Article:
The COVID-19 pandemic has dominated the news for over two months, but the quality of that news varies widely, a survey by the Annenberg Public Policy Center at the University of Pennsylvania finds. Americans who get their news mainly from social media outlets and conservative media such as Fox News are more inclined to believe conspiracy theories about the causes of the virus and other misinformation compared to individuals who receive news from what the reearchers defined as mainstream and liberal media outlets.
Between March 3 and March 8 this year, over a thousand people, ages 18 to 80, were surveyed by phone about their knowledge and beliefs about the coronavirus pandemic. Respondents were of various races, educational and political backgrounds; 35 were Spanish speakers. They were also asked about where they tended to get their news information.
The survey was designed to see how accurate the public’s understanding was regarding the deadliness of COVID-19 as compared to the seasonal flu, and the need to prevent SARS-CoV-2’s spread by hand washing and avoiding those showing symptoms of respiratory illness. Its other goal was to see how the accuracy or inaccuracy of people's knowledge lined up with their use of various media channels. Potential differences between Republicans and Democrats, who have been reported to differ in concern with SARS-CoV-2, were also controlled for.
Survey respondents who used social media such as Youtube, Facebook and Twitter for news were more likely to believe another piece of misinformation — that taking Vitamin C could help prevent infection with the novel coronavirus.
Mainstream newspapers and broadcast media, examples include The New York Times and NBC, as well as liberal sources such as MSNBC and Bill Maher had the opposite effect. Their information was more reliable than the researchers had expected.
“Surprisingly, broadcast news communicates very well,” co-author Dolores Albarracín, of the University of Illinois at Urbana-Champaign, told TheDoctor. On the other hand, the team had suspected news sources such as Facebook and Fox might be miscommunicating “and this was actually the case.”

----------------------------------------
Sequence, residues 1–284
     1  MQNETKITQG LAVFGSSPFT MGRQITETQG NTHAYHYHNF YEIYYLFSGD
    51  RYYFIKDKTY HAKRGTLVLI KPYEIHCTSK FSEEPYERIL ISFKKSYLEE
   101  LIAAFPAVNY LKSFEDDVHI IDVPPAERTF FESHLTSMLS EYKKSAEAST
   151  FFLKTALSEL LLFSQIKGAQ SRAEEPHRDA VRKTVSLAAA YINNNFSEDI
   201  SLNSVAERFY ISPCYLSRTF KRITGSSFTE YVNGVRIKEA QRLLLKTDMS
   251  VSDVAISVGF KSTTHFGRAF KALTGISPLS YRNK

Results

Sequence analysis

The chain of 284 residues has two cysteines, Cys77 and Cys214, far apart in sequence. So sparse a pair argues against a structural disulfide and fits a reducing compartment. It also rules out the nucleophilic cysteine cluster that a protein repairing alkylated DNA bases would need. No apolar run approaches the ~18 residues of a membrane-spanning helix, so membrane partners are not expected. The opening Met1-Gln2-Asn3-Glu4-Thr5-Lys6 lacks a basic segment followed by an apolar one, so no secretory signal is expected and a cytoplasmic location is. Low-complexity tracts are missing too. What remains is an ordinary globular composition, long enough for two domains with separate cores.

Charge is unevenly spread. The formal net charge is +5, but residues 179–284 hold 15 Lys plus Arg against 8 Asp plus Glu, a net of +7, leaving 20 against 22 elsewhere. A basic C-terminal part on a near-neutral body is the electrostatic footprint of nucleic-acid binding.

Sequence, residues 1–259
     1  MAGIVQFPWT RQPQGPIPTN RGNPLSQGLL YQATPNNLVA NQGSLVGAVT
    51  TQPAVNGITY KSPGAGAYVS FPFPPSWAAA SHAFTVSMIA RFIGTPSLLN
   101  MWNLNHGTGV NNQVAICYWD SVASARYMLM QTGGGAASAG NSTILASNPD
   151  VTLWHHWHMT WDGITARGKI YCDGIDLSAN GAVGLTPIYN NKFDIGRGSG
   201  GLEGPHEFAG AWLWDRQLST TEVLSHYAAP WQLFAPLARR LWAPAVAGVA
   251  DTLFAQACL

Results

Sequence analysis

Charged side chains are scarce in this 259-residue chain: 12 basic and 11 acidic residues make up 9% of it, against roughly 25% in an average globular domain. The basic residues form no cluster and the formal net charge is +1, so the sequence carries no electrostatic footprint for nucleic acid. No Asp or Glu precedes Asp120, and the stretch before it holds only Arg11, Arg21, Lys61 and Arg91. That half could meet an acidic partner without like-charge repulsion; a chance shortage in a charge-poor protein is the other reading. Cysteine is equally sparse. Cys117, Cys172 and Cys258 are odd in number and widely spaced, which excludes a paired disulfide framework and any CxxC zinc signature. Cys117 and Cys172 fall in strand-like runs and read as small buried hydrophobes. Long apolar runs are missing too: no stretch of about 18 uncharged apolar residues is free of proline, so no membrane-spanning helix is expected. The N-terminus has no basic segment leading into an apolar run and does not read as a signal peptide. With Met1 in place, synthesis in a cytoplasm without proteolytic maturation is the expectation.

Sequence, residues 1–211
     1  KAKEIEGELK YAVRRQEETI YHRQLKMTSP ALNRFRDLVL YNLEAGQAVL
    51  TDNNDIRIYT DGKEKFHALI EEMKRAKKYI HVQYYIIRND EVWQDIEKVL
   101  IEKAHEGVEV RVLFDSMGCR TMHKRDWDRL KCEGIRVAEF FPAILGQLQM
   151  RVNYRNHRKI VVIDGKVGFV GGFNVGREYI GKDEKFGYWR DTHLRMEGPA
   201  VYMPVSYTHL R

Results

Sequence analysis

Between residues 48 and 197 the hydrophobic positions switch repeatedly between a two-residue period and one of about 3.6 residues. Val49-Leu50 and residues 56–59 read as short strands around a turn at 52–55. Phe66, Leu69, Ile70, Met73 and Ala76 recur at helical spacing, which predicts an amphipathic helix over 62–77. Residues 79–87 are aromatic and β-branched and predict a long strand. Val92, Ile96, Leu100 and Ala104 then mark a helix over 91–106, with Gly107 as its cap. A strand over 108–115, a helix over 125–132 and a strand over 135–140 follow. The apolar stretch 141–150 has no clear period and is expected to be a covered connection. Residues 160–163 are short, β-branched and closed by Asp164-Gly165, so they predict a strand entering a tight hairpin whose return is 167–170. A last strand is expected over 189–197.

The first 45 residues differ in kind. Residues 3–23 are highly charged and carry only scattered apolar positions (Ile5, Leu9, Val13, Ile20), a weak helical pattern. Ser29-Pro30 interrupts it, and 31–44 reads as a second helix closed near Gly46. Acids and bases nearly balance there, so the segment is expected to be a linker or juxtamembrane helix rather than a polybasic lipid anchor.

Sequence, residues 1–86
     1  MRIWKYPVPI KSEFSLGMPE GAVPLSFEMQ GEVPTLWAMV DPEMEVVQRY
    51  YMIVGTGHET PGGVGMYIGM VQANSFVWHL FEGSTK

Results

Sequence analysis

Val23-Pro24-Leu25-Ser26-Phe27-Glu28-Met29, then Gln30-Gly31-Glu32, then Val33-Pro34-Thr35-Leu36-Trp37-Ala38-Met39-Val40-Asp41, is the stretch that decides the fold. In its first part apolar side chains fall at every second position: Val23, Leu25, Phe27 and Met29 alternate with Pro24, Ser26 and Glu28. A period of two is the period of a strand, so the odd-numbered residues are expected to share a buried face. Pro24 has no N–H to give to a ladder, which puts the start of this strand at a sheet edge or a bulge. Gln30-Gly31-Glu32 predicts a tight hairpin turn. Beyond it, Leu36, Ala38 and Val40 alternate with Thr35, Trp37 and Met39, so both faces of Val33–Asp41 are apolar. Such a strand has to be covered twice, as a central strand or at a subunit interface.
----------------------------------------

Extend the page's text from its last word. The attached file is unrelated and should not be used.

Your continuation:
News aggregators like Google News and Yahoo News were also found to be sources of misinformation. “I don’t think it’s that Google and Yahoo are necessarily aggregating misinformation, but it’s less discriminating in general if all you are seeing when you do a search shows you many other things,” Albarracín said.
The best way to counteract misinformation, according to co-author Kathleen Hall Jamieson, director of the Annenberg Public Policy Center, and Albarracín is to have more messaging from reliable sources that crosses over to more conservative news outlets. The appearance of Anthony Fauci, director of the National Institute of Allergy and Infectious Diseases and member of the White House Coronavirus Task Force, on Fox News on March 11 is the sort of crossover that is needed. When Sean Hannity compared COVID-19 to the seasonal flu, Fauci corrected him, saying, “The mortality rate for flu is 0.1 [percent];” the coronavirus is “10 times more lethal than the seasonal flu. You gotta make sure that people understand that!”
Survey respondents who used social media such as Youtube, Facebook and Twitter for news were more likely to believe that taking Vitamin C could help prevent infection with the novel coronavirus, another piece of misinformation. They were also more likely to think that some in the Centers for Disease Control were exaggerating the threat of COVID-19 to harm the president; and that the virus was manufactured by the U.S. government. On the other hand, those who relied on mainstream print media were positively associated with accurate, research-based beliefs about regular hand washing and avoiding contact with symptomatic people to prevent infection.
News outlets such as The Rush Limbaugh Show inspired conspiracy theories and a distrust of other sources of news concerning the novel coronavirus.
Making all COVID-19 articles available for free, as The New York Times and many other outlets have done, helps counteract the spread of misinformation, the researchers say, because “reading mainstream print publications…[leads to] greater knowledge of the virus.” It can also illuminate the most widely held misbeliefs and help reverse them.
The study, “The Relation Between Media Consumption and Misinformation at the Outset of the SARS-CoV-2 Pandemic in the US” is freely available and published in the Harvard Kennedy School Misinformation Review.